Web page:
chance to find a new way forward. C h r i s t i n e Da y ’s second novel, The Sea in Winter (Heartdrum, $16.99, 9780062872043, ages 8 to 12) is unflinching in its portrayal of Maisie’s depression and the effect it has on her relationships with her family and friends. Day conveys Maisie’s feelings of despair and hopelessness with gravity and sensitivity, treating her young protagonist’s emotions with the respect they deserve.
in Haitian Creole, provide the story with a satisfying structure. Debut illustrator Olivier Ganthier’s images pop with vivid colors, especially in the exuberant closing spreads in which Claude has made it to the shore and finally has the chance to do all the things he dreamed of. These scenes have a palpable energy as they portray Claude’s jubilant Haitian community. Children everywhere know what it’s like to experience a day like this, when the week’s work is done and you can simply spend a day with the family you love. —Julie Danielson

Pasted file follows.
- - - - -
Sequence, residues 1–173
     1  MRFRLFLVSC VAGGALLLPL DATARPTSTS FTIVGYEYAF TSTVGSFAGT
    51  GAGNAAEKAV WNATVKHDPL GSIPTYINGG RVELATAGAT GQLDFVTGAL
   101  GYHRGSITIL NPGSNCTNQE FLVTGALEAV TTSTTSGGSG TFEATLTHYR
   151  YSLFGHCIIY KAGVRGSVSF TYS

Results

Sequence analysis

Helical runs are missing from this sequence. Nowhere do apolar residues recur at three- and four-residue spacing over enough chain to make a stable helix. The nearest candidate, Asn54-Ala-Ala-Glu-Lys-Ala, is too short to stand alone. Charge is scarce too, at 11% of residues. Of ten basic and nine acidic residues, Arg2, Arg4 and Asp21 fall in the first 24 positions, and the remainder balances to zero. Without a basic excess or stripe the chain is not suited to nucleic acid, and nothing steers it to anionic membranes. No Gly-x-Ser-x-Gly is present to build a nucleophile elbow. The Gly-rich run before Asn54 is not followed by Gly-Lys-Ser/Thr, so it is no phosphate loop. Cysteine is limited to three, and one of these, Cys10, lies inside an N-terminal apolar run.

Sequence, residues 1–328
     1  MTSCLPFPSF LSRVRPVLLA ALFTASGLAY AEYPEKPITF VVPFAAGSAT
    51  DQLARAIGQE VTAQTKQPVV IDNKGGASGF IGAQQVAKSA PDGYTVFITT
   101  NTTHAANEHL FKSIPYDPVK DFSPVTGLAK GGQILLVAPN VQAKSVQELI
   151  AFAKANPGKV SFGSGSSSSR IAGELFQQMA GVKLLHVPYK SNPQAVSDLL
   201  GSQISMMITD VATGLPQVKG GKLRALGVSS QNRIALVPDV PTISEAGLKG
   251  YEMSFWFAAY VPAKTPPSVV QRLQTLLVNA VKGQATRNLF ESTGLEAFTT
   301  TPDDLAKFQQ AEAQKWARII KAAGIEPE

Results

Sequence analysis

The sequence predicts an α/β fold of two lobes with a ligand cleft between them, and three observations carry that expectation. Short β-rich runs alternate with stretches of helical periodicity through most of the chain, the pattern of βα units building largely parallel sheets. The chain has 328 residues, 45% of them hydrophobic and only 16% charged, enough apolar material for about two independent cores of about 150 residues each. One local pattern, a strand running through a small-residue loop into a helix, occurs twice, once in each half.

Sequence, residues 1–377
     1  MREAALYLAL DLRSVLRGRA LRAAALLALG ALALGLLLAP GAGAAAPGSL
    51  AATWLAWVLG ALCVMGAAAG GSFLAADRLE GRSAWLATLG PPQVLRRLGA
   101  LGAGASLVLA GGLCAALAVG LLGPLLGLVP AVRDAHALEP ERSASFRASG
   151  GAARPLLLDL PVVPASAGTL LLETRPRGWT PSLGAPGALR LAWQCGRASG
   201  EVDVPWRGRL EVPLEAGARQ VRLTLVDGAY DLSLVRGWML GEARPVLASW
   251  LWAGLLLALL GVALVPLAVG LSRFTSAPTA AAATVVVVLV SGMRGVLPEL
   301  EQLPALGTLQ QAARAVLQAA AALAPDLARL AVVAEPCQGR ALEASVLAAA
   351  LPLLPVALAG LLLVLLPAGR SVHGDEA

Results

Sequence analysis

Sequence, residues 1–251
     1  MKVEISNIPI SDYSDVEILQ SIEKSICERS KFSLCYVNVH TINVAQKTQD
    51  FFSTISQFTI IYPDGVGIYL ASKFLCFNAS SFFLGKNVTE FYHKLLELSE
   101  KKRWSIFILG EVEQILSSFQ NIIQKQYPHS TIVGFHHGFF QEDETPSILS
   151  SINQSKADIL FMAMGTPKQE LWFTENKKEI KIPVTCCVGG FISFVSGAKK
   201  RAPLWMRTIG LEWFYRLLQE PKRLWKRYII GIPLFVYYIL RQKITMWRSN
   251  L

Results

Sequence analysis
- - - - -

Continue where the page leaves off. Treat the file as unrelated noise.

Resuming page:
H Root Magic By Eden Royce
Middle Grade Though debut author Eden Royce currently lives in the United Kingdom, it’s clear she is still deeply rooted in the culture of the Gullah nation to which she belongs. Royce’s previous short stories were informed by the traditions of these descendants of enslaved people living along the coast of Georgia and the Carolinas, and her first middle grade novel is also set in this evocative milieu. Root Magic ( Walden Pond, $16.99, 9780062899576, ages 8 to 12) finds the South, as